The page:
It is wonderful to see how the Lord uses the geographical setting of each church and the spiritual and financial situation in the city where the church is located in order to commend, rebuke and/or counsel the local church. To understand something of Christ telling the church in Laodicea that they are lukewarm, we must understand something of the geographical situation of the church. The city was located between Heiropolis (to the north) and Colossae (to the east). Heiropolis was renowned for its steaming hot water springs and Colossae for its icy cold mountain streams. Both that hot water springs at Heiropolis and the cold streams of Colossae were beneficial to those living in the region. The hot water was beneficial for its medicinal purposes. Cold water was welcomed by any thirsty throat. Situated between the beneficial hot springs and the useful cold streams was Laodicea. In an attempt to utilize the hot springs, the Laodiceans had constructed a channel from Heiropolis to their own city, along which the water would run. They soon learned that their efforts were futile however, for by the time the water reached their city, it was no longer hot, but warm, and quite literally good for nothing.
When the Lord spoke of being hot, cold or lukewarm, the Laodiceans would immediately have thought of their rather embarrassing attempt to channel the hot water from Heiropolis for their own purposes. What the Lord is simply saying is that His desire was for them to be either useful for spiritual healing (like the hot water) or useful as spiritual thirst quenchers (like the cold water). But they were neither. Instead, just like the lukewarm water that reached their own city from Heiropolis, they were absolutely spiritually useless. Because of this, the Lord threatened to spit them from His mouth (or, “vomit” as in the NKJV).
To make matters worse, however, the Laodicean estimate of themselves was that they were rich, wealthy and not needing anything. Christ’s assessment, though, was a rather different ~ “(but you do) not realize that you are wretched, pitiable, poor, blind, and naked” (vs.17). Their deeds were… ~ “neither cold nor hot” (vs.15). The expression “cold nor hot” may refer to their lack of zeal (vs.19) or to their uselessness, for Christ says ~ “I wish you were either one or the other” (lit., either cold or hot).
The deeper problem in the Laodicean Church was not simply their indifference. It was their ignorance of their real condition ~ “…you say, I am rich, I have prospered, and I need nothing” (vs.17). Notice how this indictment (Afrikaans: “aanklag”) is related to the general condition of the populace at large – rich and self-sufficient. The spirit of the surrounding culture had crept into the congregation and had paralysed their spiritual life.
The Laodiceans were braggarts (vs.17a). Sadly, their bragging leaned on the rotten pillar of assumed, if not imagined, spiritual wealth. An unhealthy sense of self-sufficiency gripped the church. It is possible that the general affluence of the city translated itself in a distinguished prosperity within the church. Exquisite church buildings, elaborately furnished interiors, costly paraphernalia, etc. would all be undisguised symbols of this worldly affluence (Afrikaans: “invloed”). The foolish assumption that such prosperity bespoke divine approval and blessings, is likely the cause of their spiritual indifference and complacency. It is like today’s “health and wealth and prosperity gospel” – people think that wealth is a sign of their spirituality and a close relationship to the Lord. But this sense of security was an illusion (vs17b). The exact opposite is the spiritual state of this church.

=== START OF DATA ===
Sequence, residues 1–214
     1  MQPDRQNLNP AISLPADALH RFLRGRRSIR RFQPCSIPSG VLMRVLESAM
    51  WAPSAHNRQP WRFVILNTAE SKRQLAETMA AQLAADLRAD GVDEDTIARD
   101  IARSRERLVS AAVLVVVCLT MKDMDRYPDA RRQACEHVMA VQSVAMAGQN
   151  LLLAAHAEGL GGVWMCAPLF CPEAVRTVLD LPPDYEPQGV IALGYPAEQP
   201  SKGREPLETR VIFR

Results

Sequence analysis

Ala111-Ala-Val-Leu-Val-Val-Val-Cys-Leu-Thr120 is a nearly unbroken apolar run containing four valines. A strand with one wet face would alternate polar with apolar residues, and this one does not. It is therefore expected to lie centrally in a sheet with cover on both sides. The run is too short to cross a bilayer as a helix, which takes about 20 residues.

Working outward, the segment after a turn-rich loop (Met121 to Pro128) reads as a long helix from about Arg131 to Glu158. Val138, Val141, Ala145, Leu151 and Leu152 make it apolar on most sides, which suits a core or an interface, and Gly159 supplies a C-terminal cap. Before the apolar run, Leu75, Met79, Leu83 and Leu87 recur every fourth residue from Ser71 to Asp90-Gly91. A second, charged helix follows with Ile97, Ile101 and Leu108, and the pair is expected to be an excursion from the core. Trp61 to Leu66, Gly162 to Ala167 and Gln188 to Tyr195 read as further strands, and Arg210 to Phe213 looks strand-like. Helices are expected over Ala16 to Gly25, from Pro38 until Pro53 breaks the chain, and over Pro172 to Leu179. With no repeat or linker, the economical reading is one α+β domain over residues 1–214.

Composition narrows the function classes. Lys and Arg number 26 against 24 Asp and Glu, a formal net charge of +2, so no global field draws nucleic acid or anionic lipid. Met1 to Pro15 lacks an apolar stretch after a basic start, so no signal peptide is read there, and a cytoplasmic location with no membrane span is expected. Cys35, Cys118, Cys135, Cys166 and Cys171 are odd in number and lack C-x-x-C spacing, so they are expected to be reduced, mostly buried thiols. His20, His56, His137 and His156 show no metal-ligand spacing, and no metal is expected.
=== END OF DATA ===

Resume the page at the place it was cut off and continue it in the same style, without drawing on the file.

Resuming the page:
How far can a church really fall! How can we read this and not tremble? Yet even in a condition as terrible as this, the Lord Jesus is tender and gracious. Why? Let’s look at Christ’s counsel in order to find an answer on this question.
Christ’s Counsel (vss.18-20): “18 I counsel you to buy from me gold refined by fire, so that you may be rich, and white garments so that you may clothe yourself and the shame of your nakedness may not be seen, and salve to anoint your eyes, so that you may see. 19 Those whom I love, I reprove and discipline, so be zealous and repent. 20 Behold, I stand at the door and knock. If anyone hears my voice and opens the door, I will come in to him and eat with him, and he with me.” Christ’s revelation of the Laodiceans’ actual state, shatters their illusions and He calls them to repentance.
Gold, the source of the city’s wealth, was to be bought from Christ and to become the true wealth of the spiritually poverty-stricken Laodiceans. Their shameful nakedness was to be clothed, not by purchasing the sleek, black wool of Laodicea, but by buying from Christ the white clothing that alone can cover shameful nakedness ~ “Behold, I am coming like a thief! Blessed is the one who stays awake, keeping his garments on, that he may not go about naked and be seen exposed!” (Rev.16:15). For those who were blind to their true condition, “Phrygian powder” was useless. They needed to buy ointment from Christ so that they could truly see.
The reference to buying would recall the famous market near the temple of “Men Karou,” where the commodities manufactured at Laodicea could be bought, along with imports from other areas. But to what do gold, white clothes and ointment symbolically refer to?
The only cure for spiritual poverty-stricken disciples was to purchase from Christ gold. What then is this gold refined by fire? The apostle Peter answers to this question when comparing faith, which is compared to gold ~ “You, who are protected by the power of God through faith for a salvation ready to be revealed in the last time. In this you greatly rejoice, even though now for a little while, if necessary, you have been distressed by various trials, so that the proof of your faith, being more precious than gold which is perishable, even though tested by fire, may be found to result in praise and glory and honour at the revelation of Jesus Christ; and though you have not seen Him, you love Him, and though you do not see Him now, but believe in Him, you greatly rejoice with joy inexpressible and full of glory, obtaining as the outcome of your faith the salvation of your souls” (1 Peter 1:5-9 – NASB). Faith then, is the gold that Christians from Laodicea had to buy from Jesus. But why did they have to buy it? God said to the people of Israel through the prophet Isaiah that through obedience to Him spiritual values had to be bought ~ “Come, everyone who thirsts, come to the waters;